Sensors for laser triangulation are by nature non-contact. In other words, they have the ability to measure an object’s location or displacement precisely without actually touching it. This prevents distortion or damage to the object being measured as well as dampening of target motions
An optimal operating point for laser triangulation systems exists; this point is sometimes referred to as the standoff distance. The reflected spot is in the middle of the detector at this instant, and the laser is at its sharpest focal point. The spot will migrate toward the detector’s ends as the target travels, enabling measurements across a particular range.
The optical architecture of a sensor affects both its standoff and range. The spot is smallest and most concentrated on the detector at its focal point, where it performs best, at the standoff distance. Inaccuracies brought on by operating slightly out of focus are corrected by detection algorithms, and the majority of manufacturers guarantee performance over the whole measurement range.
The Global laser Triangulation sensor market accounted for $XX Billion in 2021 and is anticipated to reach $XX Billion by 2030, registering a CAGR of XX% from 2022 to 2030.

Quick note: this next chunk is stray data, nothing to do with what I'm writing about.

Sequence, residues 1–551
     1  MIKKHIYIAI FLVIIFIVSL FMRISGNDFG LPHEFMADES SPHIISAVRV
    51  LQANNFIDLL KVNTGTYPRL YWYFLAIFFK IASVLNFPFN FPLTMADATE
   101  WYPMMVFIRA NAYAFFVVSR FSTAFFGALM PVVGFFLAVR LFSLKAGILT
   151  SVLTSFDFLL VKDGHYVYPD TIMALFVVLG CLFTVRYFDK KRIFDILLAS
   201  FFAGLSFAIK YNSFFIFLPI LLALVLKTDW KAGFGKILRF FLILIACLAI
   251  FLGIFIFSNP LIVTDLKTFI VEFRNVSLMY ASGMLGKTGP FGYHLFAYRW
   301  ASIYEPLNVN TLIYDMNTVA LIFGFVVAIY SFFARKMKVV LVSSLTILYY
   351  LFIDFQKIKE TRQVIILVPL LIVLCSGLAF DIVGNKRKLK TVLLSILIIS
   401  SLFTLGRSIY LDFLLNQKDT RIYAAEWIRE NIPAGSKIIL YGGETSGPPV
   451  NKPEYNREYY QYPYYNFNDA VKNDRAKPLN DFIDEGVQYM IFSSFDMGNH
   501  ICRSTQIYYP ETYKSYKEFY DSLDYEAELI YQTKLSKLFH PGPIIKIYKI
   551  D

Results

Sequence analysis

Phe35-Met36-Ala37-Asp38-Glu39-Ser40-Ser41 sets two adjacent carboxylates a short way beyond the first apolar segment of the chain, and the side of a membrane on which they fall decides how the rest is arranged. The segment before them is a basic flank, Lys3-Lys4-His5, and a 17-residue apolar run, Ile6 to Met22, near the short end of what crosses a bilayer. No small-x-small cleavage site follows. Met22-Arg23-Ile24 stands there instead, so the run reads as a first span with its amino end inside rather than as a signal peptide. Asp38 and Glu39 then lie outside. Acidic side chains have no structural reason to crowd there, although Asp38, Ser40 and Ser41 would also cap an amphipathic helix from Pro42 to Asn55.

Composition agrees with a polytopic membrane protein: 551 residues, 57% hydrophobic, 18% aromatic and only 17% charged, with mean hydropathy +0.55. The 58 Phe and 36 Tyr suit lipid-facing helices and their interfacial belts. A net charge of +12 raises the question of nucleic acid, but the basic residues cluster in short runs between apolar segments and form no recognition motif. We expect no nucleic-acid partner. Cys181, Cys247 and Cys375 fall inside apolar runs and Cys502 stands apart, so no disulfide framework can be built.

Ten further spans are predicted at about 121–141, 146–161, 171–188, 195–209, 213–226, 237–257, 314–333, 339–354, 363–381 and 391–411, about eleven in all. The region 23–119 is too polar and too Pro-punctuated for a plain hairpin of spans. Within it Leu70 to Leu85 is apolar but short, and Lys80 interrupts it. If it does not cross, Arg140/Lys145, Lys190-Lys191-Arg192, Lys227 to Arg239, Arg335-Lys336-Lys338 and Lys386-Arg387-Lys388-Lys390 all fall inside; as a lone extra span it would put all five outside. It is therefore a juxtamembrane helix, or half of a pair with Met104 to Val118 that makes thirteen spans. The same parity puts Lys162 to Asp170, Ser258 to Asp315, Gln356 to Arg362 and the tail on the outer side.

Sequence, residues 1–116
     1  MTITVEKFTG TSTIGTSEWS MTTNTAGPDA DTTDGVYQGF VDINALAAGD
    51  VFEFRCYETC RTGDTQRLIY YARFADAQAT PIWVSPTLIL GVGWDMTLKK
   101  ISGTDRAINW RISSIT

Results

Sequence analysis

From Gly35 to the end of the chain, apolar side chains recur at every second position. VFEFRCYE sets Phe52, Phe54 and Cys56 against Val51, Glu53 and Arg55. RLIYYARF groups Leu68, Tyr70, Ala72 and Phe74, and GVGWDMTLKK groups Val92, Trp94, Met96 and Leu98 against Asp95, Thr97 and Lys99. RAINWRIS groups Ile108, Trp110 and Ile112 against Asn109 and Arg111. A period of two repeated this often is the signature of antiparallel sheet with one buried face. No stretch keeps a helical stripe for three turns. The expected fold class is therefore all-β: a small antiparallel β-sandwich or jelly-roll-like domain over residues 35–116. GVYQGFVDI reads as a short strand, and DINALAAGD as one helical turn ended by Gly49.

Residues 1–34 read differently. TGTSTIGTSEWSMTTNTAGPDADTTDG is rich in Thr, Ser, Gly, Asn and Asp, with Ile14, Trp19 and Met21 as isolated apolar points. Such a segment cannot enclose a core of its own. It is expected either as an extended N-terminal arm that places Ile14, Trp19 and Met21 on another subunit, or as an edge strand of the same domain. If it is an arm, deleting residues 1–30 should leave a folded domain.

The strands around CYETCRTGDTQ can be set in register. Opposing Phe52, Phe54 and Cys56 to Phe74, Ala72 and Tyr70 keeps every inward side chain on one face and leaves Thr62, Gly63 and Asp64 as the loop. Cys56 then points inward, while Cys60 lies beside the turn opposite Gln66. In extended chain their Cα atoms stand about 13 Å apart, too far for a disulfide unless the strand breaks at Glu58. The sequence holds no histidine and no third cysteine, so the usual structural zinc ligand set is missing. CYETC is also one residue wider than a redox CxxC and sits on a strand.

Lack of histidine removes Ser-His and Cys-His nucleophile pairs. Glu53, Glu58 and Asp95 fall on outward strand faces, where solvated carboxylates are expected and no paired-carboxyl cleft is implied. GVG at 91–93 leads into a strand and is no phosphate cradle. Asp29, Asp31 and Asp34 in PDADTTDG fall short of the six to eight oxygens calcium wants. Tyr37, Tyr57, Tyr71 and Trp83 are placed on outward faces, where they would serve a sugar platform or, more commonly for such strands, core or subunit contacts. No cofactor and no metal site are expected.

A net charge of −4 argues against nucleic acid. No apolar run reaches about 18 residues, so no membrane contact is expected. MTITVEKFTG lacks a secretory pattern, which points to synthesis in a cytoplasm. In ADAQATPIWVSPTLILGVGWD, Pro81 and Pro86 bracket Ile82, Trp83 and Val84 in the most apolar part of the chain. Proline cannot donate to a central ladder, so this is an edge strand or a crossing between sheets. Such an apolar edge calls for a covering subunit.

The release of a new laser triangulation sensor using Micro-laser Epsilon’s line technology has been announced by Bestech Australia.\
The optoNCDT 1900LL is a new laser triangulation sensor in the optoNCDT1900 family. The optoNCDT 1900LL model extends the small laser line (LL) technology of oval-shaped light while adding to the extensive line of laser triangulation sensors.
This fine laser sensor with a thin laser line is especially made to work well on metallic, textured, and shiny surfaces. The application of laser sensors to smooth, diffuse, and rough surfaces has been accomplished with its addition to the LL range.
Micro-optoNCDT Epsilon’s 1900LL model provides a measurement rate of up to 10kHz. Its cutting-edge LL technology emits a tiny laser, also known as an oval light spot, that is only a few millimetres across to make up for the speckling effect that is most frequently seen on metallic surfaces.
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